Resources Available to Support Services to California's Older Adults:
California's Master Plan for Aging
In June 2019, Governor Gavin Newsom issued an executive order calling for the creation of a Master Plan for Aging (MPA). The Executive Order affirmed the priority of the health and well-being of older Californians and the need for policies that promote healthy aging. It also called for a “blueprint” for state government, local government, the private sector, and philanthropy to prepare the state for the coming demographic changes and continue California’s leadership in aging, disability, and equity.
California Master Plan for Aging Local Playbook
The Master Plan for Aging Playbook is designed to assist state and local government, communities, and private and philanthropic organizations in building environments that promote an age-friendly and disability-friendly California.
Fall Prevention Resources
One in four people 65 and older falls each year. Falls can lead to a loss of independence, but they are preventable. The following brochures provide tools for assessing your risk of falling, as well as information on how to prevent outdoor falls, falls due to medication, and falls around your pets.
California Telephone Access Program
Every day, specialized California Phones from the California Telephone Access Program (CTAP) enable over half a million Californians to stay connected. CTAP is a program of the California Public Utilities Commission Deaf and Disabled Telecommunications Program. The program is funded by a small surcharge that appears on all telephone bills in California. This surcharge appears on your phone bill as "CA Relay Service and Communications Devices Fund."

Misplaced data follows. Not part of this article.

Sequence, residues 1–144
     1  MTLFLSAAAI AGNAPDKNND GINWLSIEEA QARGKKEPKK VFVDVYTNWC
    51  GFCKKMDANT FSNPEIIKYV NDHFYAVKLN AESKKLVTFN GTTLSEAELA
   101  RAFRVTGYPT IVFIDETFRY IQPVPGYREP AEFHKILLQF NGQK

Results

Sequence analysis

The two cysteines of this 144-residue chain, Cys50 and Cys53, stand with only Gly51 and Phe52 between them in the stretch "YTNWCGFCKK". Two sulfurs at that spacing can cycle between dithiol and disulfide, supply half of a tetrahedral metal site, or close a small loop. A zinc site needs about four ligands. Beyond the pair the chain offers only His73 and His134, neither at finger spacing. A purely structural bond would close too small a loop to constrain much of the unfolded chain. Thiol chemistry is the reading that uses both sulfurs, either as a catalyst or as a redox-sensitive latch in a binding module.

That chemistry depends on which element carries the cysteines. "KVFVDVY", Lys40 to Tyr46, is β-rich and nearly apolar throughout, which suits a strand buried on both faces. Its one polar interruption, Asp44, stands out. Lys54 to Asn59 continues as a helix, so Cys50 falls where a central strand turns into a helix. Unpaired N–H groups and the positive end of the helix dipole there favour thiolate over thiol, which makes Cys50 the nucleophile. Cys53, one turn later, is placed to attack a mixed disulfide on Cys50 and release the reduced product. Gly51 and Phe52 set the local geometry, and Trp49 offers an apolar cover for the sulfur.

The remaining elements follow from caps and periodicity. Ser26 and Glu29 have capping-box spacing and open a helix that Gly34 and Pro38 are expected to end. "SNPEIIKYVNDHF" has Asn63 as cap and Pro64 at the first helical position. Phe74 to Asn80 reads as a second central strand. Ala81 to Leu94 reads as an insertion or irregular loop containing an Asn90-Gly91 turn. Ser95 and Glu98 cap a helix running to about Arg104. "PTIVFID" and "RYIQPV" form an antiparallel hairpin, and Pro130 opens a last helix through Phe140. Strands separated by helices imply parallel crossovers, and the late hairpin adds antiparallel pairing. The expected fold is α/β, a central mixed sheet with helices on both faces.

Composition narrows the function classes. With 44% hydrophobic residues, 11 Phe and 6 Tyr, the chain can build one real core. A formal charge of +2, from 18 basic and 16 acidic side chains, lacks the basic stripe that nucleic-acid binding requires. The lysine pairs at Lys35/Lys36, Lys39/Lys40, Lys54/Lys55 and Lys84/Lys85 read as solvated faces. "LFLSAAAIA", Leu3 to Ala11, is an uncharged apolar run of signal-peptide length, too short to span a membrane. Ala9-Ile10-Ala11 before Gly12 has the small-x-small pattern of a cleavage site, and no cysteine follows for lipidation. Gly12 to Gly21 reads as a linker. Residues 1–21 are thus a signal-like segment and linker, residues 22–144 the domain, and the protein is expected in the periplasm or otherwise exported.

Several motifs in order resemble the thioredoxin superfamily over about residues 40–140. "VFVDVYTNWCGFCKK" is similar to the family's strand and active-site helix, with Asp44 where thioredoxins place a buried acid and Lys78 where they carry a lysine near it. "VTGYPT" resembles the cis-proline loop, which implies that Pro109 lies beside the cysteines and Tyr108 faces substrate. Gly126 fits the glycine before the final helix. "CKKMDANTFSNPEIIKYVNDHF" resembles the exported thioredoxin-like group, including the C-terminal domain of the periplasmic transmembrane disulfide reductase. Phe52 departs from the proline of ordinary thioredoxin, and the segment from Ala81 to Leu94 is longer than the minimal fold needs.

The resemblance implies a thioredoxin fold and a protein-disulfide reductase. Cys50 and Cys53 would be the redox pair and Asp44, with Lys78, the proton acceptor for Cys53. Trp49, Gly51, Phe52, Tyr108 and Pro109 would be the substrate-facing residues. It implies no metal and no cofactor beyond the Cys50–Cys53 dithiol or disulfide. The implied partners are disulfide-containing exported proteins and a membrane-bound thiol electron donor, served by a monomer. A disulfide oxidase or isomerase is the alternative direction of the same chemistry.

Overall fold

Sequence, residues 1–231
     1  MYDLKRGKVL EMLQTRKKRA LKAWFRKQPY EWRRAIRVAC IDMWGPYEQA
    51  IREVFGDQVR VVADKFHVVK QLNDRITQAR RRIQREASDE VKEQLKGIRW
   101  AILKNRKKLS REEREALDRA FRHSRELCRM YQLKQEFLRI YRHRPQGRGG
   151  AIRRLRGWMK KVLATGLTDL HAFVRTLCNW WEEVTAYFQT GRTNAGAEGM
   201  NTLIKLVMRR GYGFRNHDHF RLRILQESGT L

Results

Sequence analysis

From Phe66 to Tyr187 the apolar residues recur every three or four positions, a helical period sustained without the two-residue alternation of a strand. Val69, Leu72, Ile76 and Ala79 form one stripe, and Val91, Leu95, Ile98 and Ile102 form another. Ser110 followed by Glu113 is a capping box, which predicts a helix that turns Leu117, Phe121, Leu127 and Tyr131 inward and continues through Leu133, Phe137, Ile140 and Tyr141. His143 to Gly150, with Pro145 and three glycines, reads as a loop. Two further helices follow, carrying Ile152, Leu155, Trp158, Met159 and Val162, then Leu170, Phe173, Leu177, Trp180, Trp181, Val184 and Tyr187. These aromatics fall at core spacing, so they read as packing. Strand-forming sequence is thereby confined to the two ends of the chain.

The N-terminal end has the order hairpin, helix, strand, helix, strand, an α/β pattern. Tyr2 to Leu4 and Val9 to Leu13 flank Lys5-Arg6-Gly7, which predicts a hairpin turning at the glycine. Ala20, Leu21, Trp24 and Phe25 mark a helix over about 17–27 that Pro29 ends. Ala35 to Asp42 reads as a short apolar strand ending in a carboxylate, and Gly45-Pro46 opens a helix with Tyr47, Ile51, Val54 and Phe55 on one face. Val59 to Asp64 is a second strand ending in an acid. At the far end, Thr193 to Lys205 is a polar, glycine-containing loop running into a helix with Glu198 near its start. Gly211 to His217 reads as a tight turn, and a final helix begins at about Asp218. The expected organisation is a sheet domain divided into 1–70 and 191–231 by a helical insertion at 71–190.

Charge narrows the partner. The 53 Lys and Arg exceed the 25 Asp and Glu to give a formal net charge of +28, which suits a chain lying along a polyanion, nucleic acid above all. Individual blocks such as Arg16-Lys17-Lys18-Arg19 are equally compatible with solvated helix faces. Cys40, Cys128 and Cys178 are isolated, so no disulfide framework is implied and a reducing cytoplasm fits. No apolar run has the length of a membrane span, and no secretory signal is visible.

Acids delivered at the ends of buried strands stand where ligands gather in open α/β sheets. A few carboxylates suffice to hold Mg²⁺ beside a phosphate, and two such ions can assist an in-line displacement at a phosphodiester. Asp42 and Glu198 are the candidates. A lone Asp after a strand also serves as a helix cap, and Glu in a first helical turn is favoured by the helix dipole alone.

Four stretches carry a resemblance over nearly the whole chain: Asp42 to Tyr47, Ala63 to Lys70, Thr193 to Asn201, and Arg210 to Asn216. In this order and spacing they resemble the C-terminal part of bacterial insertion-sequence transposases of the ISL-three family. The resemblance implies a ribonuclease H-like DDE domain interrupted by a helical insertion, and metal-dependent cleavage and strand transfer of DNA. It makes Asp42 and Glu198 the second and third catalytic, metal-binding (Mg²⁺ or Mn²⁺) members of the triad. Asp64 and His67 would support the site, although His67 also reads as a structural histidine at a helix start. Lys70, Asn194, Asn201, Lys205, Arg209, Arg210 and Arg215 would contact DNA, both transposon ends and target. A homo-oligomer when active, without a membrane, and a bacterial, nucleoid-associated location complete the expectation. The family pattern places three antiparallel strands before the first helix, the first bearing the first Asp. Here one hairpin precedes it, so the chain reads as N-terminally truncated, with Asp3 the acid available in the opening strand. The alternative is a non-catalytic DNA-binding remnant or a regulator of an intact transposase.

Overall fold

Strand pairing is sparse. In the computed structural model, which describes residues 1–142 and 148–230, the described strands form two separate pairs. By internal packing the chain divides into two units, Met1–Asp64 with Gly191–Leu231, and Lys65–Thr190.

CTAP provides amplified phones that make it easier to hear conversations, big button phones that are easier to dial, phones with lights that flash for incoming calls, convenient portable phones – and more. California Phones are available to persons who live in California, have telephone service and your doctor approves your need.
Dietary Guidelines for Americans
In the U.S., more than half of all adults have one or more preventable chronic diseases, many of which are related to poor diets and not enough physical activity. Given the high rates of chronic disease among Americans, the science that informs the Dietary Guidelines is examined through the lens of health promotion and disease prevention. This means that priority has been placed on studies that examine the relationship between diet and health across all life stages, in men, women and children from diverse racial and ethnic backgrounds, who are healthy or at risk of chronic disease.
All Americans, no matter their health status, can benefit from making changes to what they eat and drink to build a healthy diet.